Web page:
Reporter Feb 10 2017
Feb. 9, 2017—Two neurologists are working to establish a multidisciplinary medical home at Vanderbilt University Medical Center (VUMC) for children and adults with Tourette syndrome.
Feb. 9, 2017—Vanderbilt University Medical Center’s Division of Trauma, Emergency General Surgery and Surgical Critical Care was recently awarded two new research grants.
Feb. 9, 2017—Vanderbilt University Medical Center (VUMC) is the first in the state to enroll patients in a clinical trial testing the effectiveness of the newest implantable device used to reduce stroke risk in patients with non-valvular atrial fibrillation (AF), the most common form of arrhythmia.
Feb. 9, 2017—Researchers at Vanderbilt University Medical Center (VUMC) have taken another step toward developing a vaccine against respiratory syncytial virus (RSV), the major cause of life-threatening pneumonia in infants worldwide.
Feb. 9, 2017—The phrase “working twice as hard for half as much” is one that sadly rings true for many patients who have had significant stays in an intensive care unit (ICU). Surviving a lengthy critical care experience can result in depression, weakness, fatigue and other cognitive and physical deficiencies.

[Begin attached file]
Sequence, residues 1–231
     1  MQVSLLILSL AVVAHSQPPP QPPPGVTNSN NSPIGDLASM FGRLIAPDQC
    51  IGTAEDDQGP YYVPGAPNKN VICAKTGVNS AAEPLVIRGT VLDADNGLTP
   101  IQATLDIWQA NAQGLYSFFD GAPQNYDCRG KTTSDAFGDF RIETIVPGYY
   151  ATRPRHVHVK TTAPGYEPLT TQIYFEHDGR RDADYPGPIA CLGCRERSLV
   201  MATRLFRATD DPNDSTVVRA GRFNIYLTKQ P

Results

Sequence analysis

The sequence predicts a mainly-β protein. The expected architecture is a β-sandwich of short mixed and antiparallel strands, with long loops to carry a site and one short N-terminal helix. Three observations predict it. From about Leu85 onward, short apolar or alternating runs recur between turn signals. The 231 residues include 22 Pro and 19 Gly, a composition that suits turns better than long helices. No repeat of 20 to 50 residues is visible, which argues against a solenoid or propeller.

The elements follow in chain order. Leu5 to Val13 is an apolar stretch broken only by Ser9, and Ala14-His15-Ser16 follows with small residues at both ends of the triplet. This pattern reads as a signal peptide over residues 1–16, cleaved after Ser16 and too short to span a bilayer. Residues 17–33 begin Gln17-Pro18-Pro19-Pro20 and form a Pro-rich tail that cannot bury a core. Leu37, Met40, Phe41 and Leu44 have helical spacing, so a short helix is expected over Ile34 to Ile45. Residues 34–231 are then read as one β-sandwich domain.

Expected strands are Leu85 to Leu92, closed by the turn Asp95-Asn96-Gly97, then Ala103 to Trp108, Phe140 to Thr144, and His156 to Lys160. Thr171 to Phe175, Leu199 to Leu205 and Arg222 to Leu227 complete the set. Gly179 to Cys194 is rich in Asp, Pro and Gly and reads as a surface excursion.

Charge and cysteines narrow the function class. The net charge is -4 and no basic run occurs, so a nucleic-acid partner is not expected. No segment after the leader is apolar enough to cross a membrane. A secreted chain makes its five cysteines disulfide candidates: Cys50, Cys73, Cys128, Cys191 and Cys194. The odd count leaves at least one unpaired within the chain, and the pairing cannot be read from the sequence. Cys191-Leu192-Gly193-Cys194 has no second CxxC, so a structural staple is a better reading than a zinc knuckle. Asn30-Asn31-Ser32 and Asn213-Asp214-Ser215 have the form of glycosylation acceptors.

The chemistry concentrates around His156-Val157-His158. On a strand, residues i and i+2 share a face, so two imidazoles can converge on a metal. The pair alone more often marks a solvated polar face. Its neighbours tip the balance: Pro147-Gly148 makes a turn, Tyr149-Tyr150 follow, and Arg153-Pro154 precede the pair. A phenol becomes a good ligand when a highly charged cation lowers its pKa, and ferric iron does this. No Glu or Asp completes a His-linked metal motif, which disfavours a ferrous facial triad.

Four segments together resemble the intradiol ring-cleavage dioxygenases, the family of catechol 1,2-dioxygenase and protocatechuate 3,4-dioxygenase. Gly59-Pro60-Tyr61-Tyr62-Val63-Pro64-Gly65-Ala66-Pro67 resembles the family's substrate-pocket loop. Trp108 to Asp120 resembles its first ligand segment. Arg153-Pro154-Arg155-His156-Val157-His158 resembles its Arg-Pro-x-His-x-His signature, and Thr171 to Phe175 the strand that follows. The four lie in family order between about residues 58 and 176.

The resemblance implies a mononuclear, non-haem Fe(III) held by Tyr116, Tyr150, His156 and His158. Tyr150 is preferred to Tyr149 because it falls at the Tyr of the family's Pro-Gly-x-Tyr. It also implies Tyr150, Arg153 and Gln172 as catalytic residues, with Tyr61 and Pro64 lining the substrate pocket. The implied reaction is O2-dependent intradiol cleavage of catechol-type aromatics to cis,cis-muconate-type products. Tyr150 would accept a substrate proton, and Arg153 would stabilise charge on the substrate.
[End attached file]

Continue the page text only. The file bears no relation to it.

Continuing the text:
Feb. 9, 2017—Monroe Carell Jr. Children’s Hospital at Vanderbilt has surpassed its fundraising goal of $40 million in support of a four-floor building expansion that will help advance the size and scope of the hospital’s specialized pediatric health care programs.
Feb. 9, 2017—When Kathryn Carell Brown volunteered to lead the Growing to New Heights Campaign less than three years ago, she was following in the footsteps of her late parents Monroe Carell Jr. and his wife, Ann Scott Carell.
Feb. 8, 2017—Social risk factors including income, education and ethnic background influence health outcomes and should be taken into account in Medicare payment models, according to a New England Journal of Medicine “Perspective” titled “Social Risk Factors and Equity in Medicare Payment.”
Study shows presence of any calcified plaque significantly raises risk of heart disease for people under age 50
Feb. 8, 2017—A major report led by Vanderbilt investigators found that the mere presence of even a small amount of calcified coronary plaque, more commonly referred to as coronary artery calcium (CAC), in people under age 50 — even small amounts — was strongly associated with increased risk of developing clinical coronary heart disease over the ensuing decade.